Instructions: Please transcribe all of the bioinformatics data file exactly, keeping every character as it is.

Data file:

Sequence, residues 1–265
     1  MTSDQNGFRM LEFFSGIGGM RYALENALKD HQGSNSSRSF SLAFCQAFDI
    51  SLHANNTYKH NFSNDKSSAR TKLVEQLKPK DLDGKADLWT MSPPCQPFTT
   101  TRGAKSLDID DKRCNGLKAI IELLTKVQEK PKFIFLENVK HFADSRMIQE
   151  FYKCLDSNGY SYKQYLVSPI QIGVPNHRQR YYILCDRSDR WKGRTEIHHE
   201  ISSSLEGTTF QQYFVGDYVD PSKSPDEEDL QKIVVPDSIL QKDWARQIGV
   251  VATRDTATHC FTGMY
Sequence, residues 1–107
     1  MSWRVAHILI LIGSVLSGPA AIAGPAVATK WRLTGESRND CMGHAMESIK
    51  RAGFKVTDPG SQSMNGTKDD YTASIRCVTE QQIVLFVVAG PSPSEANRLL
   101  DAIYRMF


Sequence, residues 1–265
     1  MTSDQNGFRM LEFFSGIGGM RYALENALKD HQGSNSSRSF SLAFCQAFDI
    51  SLHANNTYKH NFSNDKSSAR TKLVEQLKPK DLDGKADLWT MSPPCQPFTT
   101  TRGAKSLDID DKRCNGLKAI IELLTKVQEK PKFIFLENVK HFADSRMIQE
   151  FYKCLDSNGY SYKQYLVSPI QIGVPNHRQR YYILCDRSDR WKGRTEIHHE
   201  ISSSLEGTTF QQYFVGDYVD PSKSPDEEDL QKIVVPDSIL QKDWARQIGV
   251  VATRDTATHC FTGMY
Sequence, residues 1–107
     1  MSWRVAHILI LIGSVLSGPA AIAGPAVATK WRLTGESRND CMGHAMESIK
    51  RAGFKVTDPG SQSMNGTKDD YTASIRCVTE QQIVLFVVAG PSPSEANRLL
   101  DAIYRMF